As for visual effect, the general impression of the movie doesn't change. The boys and the father remain dressed in very similar clothes throughout the movie, having lived on a ranch almost their entire life. We see the decades change from the 1910's to the 20's to the early 30's through Suzanna's clothes, the one female in the movie with the luxury of changing fashions.
The strength of this movie is in it's story, and the director has done a superb job in simply enhancing the tragedy with simple shots and simple styles, instead of loading up the visual side of it without letting the characters stand alone.
To me, the whole movie's attitude is summed up by two phrases, spoken by Colonel Ludlow towards the end of the movie to his middle son, Tristan.
"You're not damned, Tristan. I won't allow that."
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on October 18, 2002
Family values, brotherly love, Legend of the Fall is an epic which depicts every side of both.
Watching this film, it is easy to believe that Brad Pitt, Aidan Quinn and Henry Thomas are brothers and the sons of Anthony Hopkins. The love-hate relationship between Tristan, Alfred and Samuel is almost too realistic. The iron hand of a domineering father who only knows the army way leads to desparate struggles for independence and identity.
Tristin (Brad Pitt) is the middle son, favored by the father (Anthony Hopkins) because of, as well as inspite of, his wild nature. Alfred(Aidan Quinn) is the eldest son. He feels he should be most privilaged, and since he can't get honor and respect from his father, he struggles his entire life to acheive success and out do his brother. Samuel is the youngest son who is looked after by all the family. It is Samuel who brings the woman into the picture.
The struggles of life and death, love and hate weave their way in and out of the story.
Edward Zwick did an excellent job of blending the story with the talents of the actors.
Legend of the Fall is an emotional dramatic ride. The scenery of the remote wildernes is the perfect back drop to support the legend as it unfolds.
I would recommend this film to anyone who wants a good emotional drama with all the twists and turns of real life.
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on July 12, 2000
This film is Brad Pitt's best movie and role ever. The shear magnificence of the sceneries, the ultimately fatalistic beauty of all the characters, and the emotional bond you develop for each of them makes for a totally enjoyable movie experience. Brad Pitt, Julia Ormond, Aidan Quinn, Anthony Hopkins, and Henry thomas are the epitome of the tragic family which renders heartbreak into an artform. You truly feel the pain of a disintegrating family that never quite loses it all. You cheer for them at the end, after having obtain their redemption. Julia Ormond is classically gorgeous, and Brad Pitt plays the role of the noble tragic hero to flawlessness. Henry Thomas, although a short presence on film, still plays a character which still haunts the other characters and the audience long after his death. You can't help but to feel for and cheer for Aidan Quinn's character. He epitomizes the "nice guy finishes last" philosophy, and his heartache is palpable. Anthony Hopkins is the noblest of father figures, although his Scrooge transformation after his stroke almost made him laughable. I like the way the film touches on so many other themes, such as discrimination against American Indians, prohibition, the inherent evil of government, love and war are often the same, and the timeless theme of how life is filled with tragedy and heartbreak. Tristan's character epitomizes these themes, and he is indeed the rock that everyone shatters against. Everyone around him dies young, while he gets older. His is the kind of character that remains in your mind long after the credits end, and you're left always wondering whatever happened to him. Gorgeous filmmaking indeed.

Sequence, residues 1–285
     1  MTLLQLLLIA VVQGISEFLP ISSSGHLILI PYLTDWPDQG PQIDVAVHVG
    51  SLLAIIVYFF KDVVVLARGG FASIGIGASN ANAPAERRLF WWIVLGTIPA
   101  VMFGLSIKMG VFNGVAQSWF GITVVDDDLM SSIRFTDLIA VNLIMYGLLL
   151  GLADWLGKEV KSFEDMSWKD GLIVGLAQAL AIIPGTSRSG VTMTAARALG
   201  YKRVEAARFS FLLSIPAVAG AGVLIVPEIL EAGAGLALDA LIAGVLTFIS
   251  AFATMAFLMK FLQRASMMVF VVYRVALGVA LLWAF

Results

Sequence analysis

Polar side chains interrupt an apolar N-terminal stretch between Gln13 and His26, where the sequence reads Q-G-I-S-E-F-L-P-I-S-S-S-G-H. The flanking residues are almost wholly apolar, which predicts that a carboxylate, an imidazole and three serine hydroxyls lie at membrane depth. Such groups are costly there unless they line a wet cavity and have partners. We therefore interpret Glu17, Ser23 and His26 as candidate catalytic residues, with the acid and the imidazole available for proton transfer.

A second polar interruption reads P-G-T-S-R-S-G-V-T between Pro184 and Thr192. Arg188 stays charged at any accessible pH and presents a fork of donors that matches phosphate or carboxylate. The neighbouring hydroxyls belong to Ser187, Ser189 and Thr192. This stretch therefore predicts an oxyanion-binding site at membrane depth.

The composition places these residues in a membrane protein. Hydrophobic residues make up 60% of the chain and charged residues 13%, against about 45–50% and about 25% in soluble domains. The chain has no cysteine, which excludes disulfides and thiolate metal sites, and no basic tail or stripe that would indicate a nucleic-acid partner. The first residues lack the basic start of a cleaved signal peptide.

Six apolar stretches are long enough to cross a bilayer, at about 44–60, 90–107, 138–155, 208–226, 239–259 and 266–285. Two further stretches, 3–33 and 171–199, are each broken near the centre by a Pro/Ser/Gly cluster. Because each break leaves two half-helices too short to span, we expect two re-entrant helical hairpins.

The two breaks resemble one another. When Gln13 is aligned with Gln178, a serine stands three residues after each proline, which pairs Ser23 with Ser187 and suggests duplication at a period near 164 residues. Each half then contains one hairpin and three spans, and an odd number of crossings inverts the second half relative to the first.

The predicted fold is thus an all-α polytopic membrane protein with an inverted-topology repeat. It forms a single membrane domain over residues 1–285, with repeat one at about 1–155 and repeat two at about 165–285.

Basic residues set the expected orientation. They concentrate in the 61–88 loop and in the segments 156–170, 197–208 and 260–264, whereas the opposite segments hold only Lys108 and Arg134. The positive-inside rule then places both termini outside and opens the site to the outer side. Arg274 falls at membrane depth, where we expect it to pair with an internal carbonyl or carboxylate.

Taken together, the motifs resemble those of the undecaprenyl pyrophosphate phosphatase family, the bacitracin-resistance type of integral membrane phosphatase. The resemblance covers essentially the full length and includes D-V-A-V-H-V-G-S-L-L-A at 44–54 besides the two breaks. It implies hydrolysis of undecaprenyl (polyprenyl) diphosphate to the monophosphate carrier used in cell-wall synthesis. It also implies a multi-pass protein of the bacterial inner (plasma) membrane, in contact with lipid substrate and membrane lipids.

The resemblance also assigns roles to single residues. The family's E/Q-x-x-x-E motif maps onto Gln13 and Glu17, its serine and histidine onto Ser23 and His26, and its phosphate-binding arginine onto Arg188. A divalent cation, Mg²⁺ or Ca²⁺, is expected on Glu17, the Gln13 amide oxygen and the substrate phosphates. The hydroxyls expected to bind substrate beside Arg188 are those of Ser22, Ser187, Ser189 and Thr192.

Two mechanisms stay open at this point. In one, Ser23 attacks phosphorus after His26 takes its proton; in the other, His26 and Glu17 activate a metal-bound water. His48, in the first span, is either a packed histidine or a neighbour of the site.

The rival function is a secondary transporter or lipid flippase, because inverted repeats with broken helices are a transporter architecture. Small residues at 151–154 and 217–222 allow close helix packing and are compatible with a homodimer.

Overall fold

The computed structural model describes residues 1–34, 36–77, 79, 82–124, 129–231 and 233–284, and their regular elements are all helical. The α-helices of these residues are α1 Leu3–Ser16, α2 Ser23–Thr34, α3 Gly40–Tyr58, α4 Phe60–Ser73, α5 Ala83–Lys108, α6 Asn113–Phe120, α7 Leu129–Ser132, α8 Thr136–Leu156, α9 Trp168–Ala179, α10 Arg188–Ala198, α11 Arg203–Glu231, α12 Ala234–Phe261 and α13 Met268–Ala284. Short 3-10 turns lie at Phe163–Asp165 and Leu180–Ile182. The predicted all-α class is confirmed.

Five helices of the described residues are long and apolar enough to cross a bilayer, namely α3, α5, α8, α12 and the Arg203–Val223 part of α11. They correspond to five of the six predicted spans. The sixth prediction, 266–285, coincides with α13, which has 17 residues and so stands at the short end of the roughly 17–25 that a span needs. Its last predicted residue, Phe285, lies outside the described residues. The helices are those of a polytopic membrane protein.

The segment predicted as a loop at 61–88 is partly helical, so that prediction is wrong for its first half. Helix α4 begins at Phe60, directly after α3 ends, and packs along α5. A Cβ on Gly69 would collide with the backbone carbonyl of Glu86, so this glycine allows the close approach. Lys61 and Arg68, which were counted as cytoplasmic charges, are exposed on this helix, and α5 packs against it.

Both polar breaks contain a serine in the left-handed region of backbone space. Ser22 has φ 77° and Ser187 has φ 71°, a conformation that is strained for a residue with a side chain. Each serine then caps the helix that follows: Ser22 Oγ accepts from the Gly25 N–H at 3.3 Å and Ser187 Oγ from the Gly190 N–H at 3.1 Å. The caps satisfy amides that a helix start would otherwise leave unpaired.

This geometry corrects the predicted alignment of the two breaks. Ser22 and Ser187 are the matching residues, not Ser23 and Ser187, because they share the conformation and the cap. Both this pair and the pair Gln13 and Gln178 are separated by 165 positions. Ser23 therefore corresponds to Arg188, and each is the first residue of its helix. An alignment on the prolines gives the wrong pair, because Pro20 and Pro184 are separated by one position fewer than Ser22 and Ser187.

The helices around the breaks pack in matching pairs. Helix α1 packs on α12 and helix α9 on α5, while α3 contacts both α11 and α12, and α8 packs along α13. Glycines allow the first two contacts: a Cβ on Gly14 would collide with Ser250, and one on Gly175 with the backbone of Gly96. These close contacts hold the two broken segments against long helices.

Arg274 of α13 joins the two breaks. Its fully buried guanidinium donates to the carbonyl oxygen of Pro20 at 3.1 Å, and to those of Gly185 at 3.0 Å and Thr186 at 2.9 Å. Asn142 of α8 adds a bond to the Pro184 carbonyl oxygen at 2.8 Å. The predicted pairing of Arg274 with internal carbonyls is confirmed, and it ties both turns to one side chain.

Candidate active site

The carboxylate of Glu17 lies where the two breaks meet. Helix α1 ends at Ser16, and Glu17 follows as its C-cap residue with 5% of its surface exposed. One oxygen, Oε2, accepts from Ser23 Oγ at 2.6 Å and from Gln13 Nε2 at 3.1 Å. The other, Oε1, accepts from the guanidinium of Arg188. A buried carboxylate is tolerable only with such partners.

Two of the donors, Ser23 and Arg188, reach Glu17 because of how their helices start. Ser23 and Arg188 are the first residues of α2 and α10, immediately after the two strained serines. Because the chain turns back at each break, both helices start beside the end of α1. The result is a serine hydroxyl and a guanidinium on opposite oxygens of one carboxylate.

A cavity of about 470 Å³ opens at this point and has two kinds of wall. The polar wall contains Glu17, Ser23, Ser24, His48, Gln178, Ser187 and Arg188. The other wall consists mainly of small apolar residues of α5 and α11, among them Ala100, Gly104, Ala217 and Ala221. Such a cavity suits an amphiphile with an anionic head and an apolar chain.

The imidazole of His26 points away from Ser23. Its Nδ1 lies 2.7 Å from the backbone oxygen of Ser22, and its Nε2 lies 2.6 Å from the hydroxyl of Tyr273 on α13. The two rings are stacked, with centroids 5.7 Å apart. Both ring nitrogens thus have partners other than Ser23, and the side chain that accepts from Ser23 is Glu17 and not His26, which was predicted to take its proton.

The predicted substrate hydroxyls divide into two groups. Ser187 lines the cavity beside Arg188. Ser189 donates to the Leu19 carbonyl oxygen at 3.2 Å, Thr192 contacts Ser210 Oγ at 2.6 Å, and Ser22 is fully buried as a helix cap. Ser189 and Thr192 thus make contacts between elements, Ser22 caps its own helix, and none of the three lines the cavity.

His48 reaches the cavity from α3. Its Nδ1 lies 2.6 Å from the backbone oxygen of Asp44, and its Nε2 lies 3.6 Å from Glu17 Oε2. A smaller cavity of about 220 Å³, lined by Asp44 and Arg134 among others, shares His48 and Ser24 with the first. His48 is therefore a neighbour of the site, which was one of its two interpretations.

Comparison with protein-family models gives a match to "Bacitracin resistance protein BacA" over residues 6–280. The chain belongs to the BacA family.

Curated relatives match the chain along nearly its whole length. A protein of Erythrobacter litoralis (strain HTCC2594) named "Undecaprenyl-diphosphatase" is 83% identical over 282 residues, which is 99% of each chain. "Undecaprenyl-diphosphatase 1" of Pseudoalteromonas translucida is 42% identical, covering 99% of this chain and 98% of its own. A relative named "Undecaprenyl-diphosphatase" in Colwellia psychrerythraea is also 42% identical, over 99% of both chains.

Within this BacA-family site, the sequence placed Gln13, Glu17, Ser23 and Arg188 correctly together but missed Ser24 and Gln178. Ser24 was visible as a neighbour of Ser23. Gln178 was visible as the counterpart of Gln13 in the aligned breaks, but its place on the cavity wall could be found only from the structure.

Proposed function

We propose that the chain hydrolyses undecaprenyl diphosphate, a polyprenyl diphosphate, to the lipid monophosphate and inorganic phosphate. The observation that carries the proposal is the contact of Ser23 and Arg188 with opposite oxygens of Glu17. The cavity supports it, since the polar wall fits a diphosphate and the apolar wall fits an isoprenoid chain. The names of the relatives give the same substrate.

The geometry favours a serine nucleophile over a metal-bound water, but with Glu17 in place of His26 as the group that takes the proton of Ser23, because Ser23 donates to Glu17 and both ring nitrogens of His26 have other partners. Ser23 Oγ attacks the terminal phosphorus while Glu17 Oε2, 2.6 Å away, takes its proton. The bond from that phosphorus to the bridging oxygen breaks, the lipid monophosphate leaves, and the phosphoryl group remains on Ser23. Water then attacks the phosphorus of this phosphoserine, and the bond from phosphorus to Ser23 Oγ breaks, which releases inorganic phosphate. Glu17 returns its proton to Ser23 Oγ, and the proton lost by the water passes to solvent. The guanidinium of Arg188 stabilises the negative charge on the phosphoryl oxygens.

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on July 9, 2000
This film is so large, sweeping and powerful, that it defies a definitive review. The acting is wonderful--Brad Pitt's best work by far. Anthony Hopkins is a master performer as the tough father of boys who could not be more different. Julia Ormand is poignant as the ill-fated Susannah, and Henry Thomas comes a long way from his "ET" days. But other than the performance by Hopkins (who can not be upstaged by any actor), this is Brad Pitt's film. I was reminded of Hopkins and Pitts' teaming in "Meet Joe Black". That film and "Legends" both run quite long, but while that one became almost intolerably stretched out, this one will never make you worry about how much longer it's going to run. The scenery is magnificent, the narration by the old Indian is appropriately done, and the music swells to match the high country mountains of the American west. By film's end, you will feel as though you've been on an emotional roller coaster, and appreciate a story well told. Even if one is not a Brad Pitt fan, they will be moved by his--and all the performances. There is considerable violence in the end, but one will not soon forget the wild and haunting Tristan (Pitt), of whom it was well said: "...he is the rock against whom all shatter". This is a great film!